Back in April as the reality of COVID-19 became apparent, we at the Centre for Public Impact started thinking about how times of crisis often heralded radical policy changes. In my initial article on the topic, I stressed the need to shift from a delivery mindset to an enablement mindset – an enablement paradigm – in which the core role of government is to create conditions in which communities can thrive.
In that article, I identified five elements of the enablement paradigm: thinking in systems, sharing power, putting relationships first, leading with humility and reorienting to learning. But sharing the idea was only the first step; facilitation to engage people around these ideas was vital.
To that end, CPI teamed up with the Australia and New Zealand School of Government (ANZSOG) to create the space for those in the public sector to learn, collaborate, share ideas and, hopefully, begin implementing change in their own organisations. And the Reimagining Government series was born.
The webinars focused on each of the five elements of the enablement paradigm, bringing together international panelists and audience members to explore the challenges and opportunities of each.
To some degree, the Reimagining Government series aimed to test how the enablement paradigm resonated with public sector audiences in Australia and New Zealand. Happily, we discovered there is great interest. In fact, each of the seven webinars in the series drew an average registration figure of between 400 and 500 people. The level of engagement and positivity, too, was uplifting; the vibrancy of the discussions and the number of attendees showed there is both significant interest in this conversation in our region, and also some tangible experiments already happening on the ground.
During the final webinar, the audience was asked which of the five elements was most important.
31 per cent of the audience felt thinking in systems was the most important, while 25 per cent said it was relationships.
And it was on relationships that the final webinar largely focussed. Leilani Bin-Juda, the CEO of the Torres Strait Regional Authority, said, ‘putting relationships first is the key’ to delivering policies that affect change. ‘Know the people you represent. You’ve got to get out there, in the communities, in the bush and talk to the people you represent. They are the ones who are going to help you deliver good public policy.’
Download the webinar chat summary
Over the course of the webinar series, some common themes emerged, which made it clear that the various elements of the enablement paradigm work together.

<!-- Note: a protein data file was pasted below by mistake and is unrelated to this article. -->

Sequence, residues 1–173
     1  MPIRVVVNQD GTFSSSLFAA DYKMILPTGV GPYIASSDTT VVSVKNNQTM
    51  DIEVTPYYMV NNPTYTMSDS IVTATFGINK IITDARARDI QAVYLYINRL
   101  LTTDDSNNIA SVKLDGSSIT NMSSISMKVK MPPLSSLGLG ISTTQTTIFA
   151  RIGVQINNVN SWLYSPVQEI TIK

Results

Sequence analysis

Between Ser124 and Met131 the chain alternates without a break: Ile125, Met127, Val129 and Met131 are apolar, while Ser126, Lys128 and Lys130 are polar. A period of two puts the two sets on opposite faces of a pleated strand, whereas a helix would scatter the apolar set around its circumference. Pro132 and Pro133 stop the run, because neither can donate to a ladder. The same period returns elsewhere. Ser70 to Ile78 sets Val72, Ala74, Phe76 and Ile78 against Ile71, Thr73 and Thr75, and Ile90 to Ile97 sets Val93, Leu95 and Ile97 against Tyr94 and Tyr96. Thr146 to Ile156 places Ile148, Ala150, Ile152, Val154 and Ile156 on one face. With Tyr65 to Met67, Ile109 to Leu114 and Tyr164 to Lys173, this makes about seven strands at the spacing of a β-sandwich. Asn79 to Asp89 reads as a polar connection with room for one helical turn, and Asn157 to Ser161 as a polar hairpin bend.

Conversations revealed that leading with humility, sharing power, relationships, learning and thinking in systems, all act as enablers of each other.
In many of the webinars, the themes of the other sessions weaved their way through, demonstrating that the five elements are not discrete, but rather entangled and interdependent.
One theme that featured across many of the conversations was exactly what Leilani was promoting: the importance of getting closer to communities, devolving power, listening more deeply to what communities want and need, and valuing community insight and expertise. This is critical for governments wanting to shift to an enablement paradigm.
Many panellists, across many different topics, also discussed the fact that more humility in government is needed, but existing structures work against this. Humility is essential both at the individual level – in how political and public sector leaders exercise their leadership – and at a systemic level – in how government understands its role vis-a-vis communities and other important players in the system.
Another theme that weaved its way through the series was the idea that many of the challenges that governments face are complex, not complicated. Complex challenges cannot be “solved”. They are dynamic and every intervention will necessarily bring about unanticipated changes. Government departments and systems are well set up to address complicated challenges, such as building a road, but not complex challenges, such as obesity. A shift to the enablement paradigm requires governments to embrace that complexity, and work in ways which better reflect the emergent and unpredictable nature of many social challenges.
In addition to common themes, these conversations also revealed common barriers which stand in the way of a shift to an enablement paradigm:
Of course, the one great challenge that no one foresaw is COVID-19. But the pandemic has also acted as a catalyst for positive change and proactive conversations – the Reimagining Government series being a perfect example. In fact, audience members felt governments’ response to the pandemic has been overwhelmingly positive: governments have acted swiftly, collaborated across departments and jurisdictions, and engaged with local communities. COVID-19 has shown that governments have the capability to move fast if needed and to engage with communities on the ground. The question is, what can we do to support these changes to endure?
COVID-19 certainly poses a challenge in moving towards an enablement paradigm, but from this challenge grows an opportunity. Audience members were grateful for the space these webinars provided them to talk about their aspirations and hopes for the evolution of the public sector. The webinars gave them room to imagine. There is clearly a hunger for these kinds of conversations, partly because of COVID-19, but largely because of long-standing deficiencies and the possibilities for improvement that flow from these.
We close the Reimagining Government series with a sense of optimism and conviction that now is a great time to be driving this agenda forward, in Australia and New Zealand, and around the world. We’d love you to join us.